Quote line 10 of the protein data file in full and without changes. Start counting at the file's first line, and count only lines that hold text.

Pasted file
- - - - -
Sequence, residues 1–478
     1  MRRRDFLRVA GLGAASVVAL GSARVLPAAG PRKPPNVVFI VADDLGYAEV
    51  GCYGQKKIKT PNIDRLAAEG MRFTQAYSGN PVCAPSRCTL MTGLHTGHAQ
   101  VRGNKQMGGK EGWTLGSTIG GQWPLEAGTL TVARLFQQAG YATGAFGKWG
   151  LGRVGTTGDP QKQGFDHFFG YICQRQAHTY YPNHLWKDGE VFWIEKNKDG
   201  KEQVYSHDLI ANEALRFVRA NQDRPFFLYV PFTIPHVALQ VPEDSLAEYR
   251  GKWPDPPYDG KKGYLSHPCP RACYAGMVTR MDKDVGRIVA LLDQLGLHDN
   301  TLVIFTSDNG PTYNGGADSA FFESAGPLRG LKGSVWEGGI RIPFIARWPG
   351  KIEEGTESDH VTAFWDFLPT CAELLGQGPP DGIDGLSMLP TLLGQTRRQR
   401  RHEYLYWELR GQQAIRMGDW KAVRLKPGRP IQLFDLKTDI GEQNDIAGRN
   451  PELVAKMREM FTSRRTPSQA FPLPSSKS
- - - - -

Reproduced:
   401  RHEYLYWELR GQQAIRMGDW KAVRLKPGRP IQLFDLKTDI GEQNDIAGRN